A win-win: Help the environment and benefit charities

Polina Groman, SpinGreen.com
Polina Groman, SpinGreen.com

According to the EPA, discarded textiles represent 13.1 million tons of the U.S. municipal solid waste stream in 2011. Approximately 2 million tons, or 15% of that total, was recovered, which means 11.2 million tons, or 85% went to the landfill. That low recovery rate raises the question: Why are so many textiles trashed rather than recycled? Its simply a matter of convenience. It has often been more convenient for careless New Yorkers to throw old stuff away than to carry them over to Goodwill or Salvation Army. What is worst, is that unless your stuff is donation grade, Goodwill has no interest in taking them. So if you're moving, or you don't have a car, or there's no curbside pickup, your items end up being thrown in the trash and go into the landfill. So what does it all mean to me, an average person? Let's say you fill a small bag with 10 pounds of unwanted clothes, shoes, and toys. By donating this single bag of items you would have otherwise thrown in the trash, you contributed to saving the planet by: Preventing 36lbs of CO2 gases from polluting the atmosphere, saved 7,000 gallons of water and avoided the dispersal of insecticides into the air.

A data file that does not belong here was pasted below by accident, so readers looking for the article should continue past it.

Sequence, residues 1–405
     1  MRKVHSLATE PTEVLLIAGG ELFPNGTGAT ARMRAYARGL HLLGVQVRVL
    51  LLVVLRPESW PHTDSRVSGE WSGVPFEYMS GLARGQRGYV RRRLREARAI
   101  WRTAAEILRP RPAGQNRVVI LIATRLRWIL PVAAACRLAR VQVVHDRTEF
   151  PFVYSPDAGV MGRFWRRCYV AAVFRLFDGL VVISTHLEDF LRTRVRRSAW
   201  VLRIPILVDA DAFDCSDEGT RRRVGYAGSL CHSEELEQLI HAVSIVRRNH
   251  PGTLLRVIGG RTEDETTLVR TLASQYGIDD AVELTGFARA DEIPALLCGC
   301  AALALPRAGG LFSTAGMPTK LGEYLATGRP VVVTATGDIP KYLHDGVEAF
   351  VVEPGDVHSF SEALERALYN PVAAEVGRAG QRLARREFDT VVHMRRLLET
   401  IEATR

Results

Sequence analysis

All told, N.Y.C. residents discard 193,000 tons of textiles every year, at a huge cost to taxpayers and our environment. But with a bit of help from building owners and property managers, landfills are now going on a diet. Unlike glass and aluminum recycling, which has only been in vogue for the past 40 years, the rag trade has been part of the American fiber for over a century. But a new crop of companies with a social enterprise heart and a philanthropic soul are coming to a building near you. Young upstarts like SpinGreen.com have taken the five boroughs by storm. Rather than having residents discard of their used clothing, shoes, linens, belts, towels and toys in the trash, which increases cost of sanitation, clogs up trash chutes and increases costs to the building of maintaining more unnecessary garbage, you now can sign up to have a textile recycling container for your building. The program is fully licensed and insured and offers an additional revenue stream to the building.

Yes now the building owner, property manager or coop/condo board not only saves money by recycling but generate an income and help the environment.

A true win-win! An easy and convenient way for your residents to recycle. Thrift store charities retail only a fraction of the donations they collect, selling or discarding the rest. Unless its high quality donation grade. Well not anymore. SpinGreen is a woman-owned recycling company that accepts donation and non-donation grade textiles. The good stuff benefits charities such as: American Diabetes Association, Madison Boys and Girls Club, GMHC, RAJE, and others. The stuff that is badly ripped, stained and torn is recycled into cool, new eco-products such as organic house and roof insulation. Zero textile mission accomplished! Resident approved!

Polina Groman is the CEO of SpinGreen.com, Brooklyn, N.Y.